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About MARI

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The Mars Advanced Research Institute (MARI) connects Mars with emerging science and technology to spark discoveries with the potential to re-invent the future of our business. 

Comprised of scientific experts in fields relevant for sustainability, health and wellness, and computational science, the MARI team seek out scientific and technological opportunities to develop breakthroughs for Mars, our people and the planet. Our science and technology strength translates into business impact, opening doors for Mars and the wider industry.

MARI connects with hundreds of external academic, research and scientific partners in areas of strategic interest working together to provide our business with the capabilities, connectivity and resources needed to transform ideas into action.

All we do acts in support of the Mars mission to deliver the world we want tomorrow, today.

Our history

MARI was founded in 2013 as part of the Mars Corporate R&D ecosystem. It was established to enhance the Mars approach to driving transformational innovation and to build a scientific and technological foundation that goes beyond the capabilities of the Mars segments. 

Our work

MARI seeks out emerging discoveries with the potential to transform our business, industry and society for the better.

Mint flavor compound mapping research  

Mint essential oils are used extensively across the food, cosmetic and pharmaceutical industries.  

But the future of the mint crop, and these essential oils, are under threat. Climate change, stagnant yields and the impacts of pests and disease are endangering the long-term supply of this amazing aromatic and making it more difficult to match growing demand for mint-flavored products.  

To protect the future of mint and mint flavors, MARI, Mars Wrigley and the Technical University of Munich, collaborated for the development of a new method to identify and quantify the key aroma, taste and cooling compounds in mint. While sampling mint flavor profiles was previously time and labor intensive, requiring a large amount of sample material and using complex analytical methods, the new method has brought tremendous benefits. 

As new breeds of mint are developed that face up to threats to the mint supply chain, the results of MARI, Mars Wrigley and TUM’s research will help to make sure these crops have the most desirable flavor profiles possible! 

Discovery of a natural cyan blue

In nature’s food palette, no color is more difficult to reproduce and replace than blue, especially the most commonly used blue synthetic colorant Brilliant Blue (FD&C Blue No. 1, a cyan blue). It’s a challenge that has puzzled the food industry for years and has become even more important as an increasing number of consumers look for natural alternatives to artificial dyes in their food.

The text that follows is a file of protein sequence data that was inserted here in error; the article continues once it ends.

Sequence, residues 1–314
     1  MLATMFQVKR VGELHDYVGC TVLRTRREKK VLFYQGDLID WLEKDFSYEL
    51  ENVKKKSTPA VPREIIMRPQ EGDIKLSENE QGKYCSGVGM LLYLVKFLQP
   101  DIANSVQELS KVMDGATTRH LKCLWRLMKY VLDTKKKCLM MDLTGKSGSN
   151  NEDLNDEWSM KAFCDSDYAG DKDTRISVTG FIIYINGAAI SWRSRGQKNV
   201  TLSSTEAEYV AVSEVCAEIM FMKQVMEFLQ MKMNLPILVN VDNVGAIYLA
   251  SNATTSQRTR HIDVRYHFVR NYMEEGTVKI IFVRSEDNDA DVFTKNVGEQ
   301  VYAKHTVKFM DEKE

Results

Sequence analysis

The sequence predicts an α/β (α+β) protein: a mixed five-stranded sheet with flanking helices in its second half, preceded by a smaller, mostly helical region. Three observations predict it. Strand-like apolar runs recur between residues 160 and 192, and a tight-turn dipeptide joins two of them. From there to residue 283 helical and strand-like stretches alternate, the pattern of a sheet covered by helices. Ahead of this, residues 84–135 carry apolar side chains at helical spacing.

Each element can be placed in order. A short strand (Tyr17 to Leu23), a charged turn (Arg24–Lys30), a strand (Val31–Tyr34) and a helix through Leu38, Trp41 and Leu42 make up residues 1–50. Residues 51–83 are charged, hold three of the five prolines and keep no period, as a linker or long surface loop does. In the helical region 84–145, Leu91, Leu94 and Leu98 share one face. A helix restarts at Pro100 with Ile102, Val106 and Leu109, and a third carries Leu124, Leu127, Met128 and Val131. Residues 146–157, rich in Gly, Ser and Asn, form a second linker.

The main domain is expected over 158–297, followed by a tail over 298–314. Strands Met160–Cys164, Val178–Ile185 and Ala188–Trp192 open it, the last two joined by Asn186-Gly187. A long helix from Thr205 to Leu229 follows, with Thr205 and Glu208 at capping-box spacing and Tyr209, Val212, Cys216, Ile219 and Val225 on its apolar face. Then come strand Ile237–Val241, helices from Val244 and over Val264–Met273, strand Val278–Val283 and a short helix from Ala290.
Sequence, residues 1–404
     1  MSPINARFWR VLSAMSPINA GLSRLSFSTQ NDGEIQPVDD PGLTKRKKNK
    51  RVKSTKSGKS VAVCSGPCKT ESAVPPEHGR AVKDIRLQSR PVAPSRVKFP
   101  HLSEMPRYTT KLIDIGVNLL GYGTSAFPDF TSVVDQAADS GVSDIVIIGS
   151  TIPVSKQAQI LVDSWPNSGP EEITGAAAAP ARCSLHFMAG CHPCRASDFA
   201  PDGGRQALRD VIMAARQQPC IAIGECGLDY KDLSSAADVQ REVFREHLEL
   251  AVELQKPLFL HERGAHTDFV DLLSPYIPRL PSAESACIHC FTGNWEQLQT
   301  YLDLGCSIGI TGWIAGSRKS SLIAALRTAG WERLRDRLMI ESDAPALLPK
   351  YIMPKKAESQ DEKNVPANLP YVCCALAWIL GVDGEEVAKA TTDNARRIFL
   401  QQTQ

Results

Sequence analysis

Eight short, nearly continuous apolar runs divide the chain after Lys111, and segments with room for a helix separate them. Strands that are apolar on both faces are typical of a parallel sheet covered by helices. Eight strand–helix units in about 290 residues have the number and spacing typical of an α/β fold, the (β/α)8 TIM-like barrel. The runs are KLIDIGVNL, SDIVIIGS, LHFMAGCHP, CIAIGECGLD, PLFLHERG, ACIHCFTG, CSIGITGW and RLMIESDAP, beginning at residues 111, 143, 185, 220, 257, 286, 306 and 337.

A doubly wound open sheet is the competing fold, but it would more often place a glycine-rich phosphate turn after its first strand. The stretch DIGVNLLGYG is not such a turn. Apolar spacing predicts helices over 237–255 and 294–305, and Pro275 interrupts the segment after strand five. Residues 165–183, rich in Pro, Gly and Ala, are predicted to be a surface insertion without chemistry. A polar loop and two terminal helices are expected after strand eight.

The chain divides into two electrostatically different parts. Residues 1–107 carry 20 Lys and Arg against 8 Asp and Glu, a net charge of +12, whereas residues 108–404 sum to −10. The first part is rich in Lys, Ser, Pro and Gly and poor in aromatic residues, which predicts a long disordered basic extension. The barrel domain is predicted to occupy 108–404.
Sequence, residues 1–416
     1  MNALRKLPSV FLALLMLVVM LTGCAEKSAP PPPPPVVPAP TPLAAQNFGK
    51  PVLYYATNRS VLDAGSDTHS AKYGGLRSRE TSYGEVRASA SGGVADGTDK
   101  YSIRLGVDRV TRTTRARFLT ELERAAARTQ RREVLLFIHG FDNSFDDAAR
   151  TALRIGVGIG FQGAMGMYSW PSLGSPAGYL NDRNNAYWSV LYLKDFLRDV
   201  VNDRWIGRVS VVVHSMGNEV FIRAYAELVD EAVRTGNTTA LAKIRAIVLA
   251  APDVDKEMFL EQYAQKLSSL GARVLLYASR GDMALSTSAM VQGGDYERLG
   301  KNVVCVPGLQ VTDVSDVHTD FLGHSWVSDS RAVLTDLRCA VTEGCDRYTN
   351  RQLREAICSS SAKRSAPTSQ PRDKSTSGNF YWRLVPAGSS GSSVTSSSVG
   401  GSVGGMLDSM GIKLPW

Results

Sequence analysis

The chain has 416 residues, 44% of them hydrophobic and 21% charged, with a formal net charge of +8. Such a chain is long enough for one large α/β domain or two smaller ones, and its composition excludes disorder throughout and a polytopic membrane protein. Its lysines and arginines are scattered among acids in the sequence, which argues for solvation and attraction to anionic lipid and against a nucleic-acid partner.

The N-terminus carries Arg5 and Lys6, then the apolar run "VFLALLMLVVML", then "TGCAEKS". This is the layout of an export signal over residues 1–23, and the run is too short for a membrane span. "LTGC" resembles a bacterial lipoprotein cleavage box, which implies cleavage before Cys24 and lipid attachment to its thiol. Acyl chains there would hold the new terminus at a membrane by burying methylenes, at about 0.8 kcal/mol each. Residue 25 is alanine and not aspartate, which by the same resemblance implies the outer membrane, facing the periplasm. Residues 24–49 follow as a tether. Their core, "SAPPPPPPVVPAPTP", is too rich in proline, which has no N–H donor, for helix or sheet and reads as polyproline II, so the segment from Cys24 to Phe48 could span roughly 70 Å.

For over a decade, MARI and Mars Wrigley worked with a global team of researchers from the University of California, Davis, the Ohio State University, Nagoya University, the University of Avignon and SISSA University to find a natural cyan blue dye. This research discovered a unique anthocyanin, a type of naturally occurring pigment, in red cabbage that can be used to produce a food-source blue colorant. For consumers, Mars, and the food industry more broadly, it means that there’s now a viable, natural alternative to artificial blue.

Watch here to learn more. 

Eradicating a foodborne carcinogen with online gaming


Aflatoxin is a type of mycotoxin, a poisonous natural product made by certain fungi that can cause a toxic response when eaten. If consumed by humans, even in low concentrations, aflatoxins can have a staggering health impact, causing stunting in children and thought to play a part in up to 28% of liver cancer cases globally. 

MARI launched the Foldit Aflatoxin Challenge in collaboration with several partners, including the University of California, Davis, Thermo Fisher Scientific and the Partnership for Aflatoxin Control in Africa. Gamers worked to redesign and improve an enzyme with the potential to degrade aflatoxin and reduce its toxicity. 

Since the Challenge launched, players have designed more than 1.6 million enzyme models to potentially tackle aflatoxin, spending more than 50,000 hours playing - the equivalent of 100 people in full time work for a year! Although there is still much work to be done, scientists are already seeing progress, and it is only a matter of time before synthetic biology produces an enzyme that can do the job. If efforts are successful, the positive impacts will largely be felt in young economies, where aflatoxin unfairly burdens society.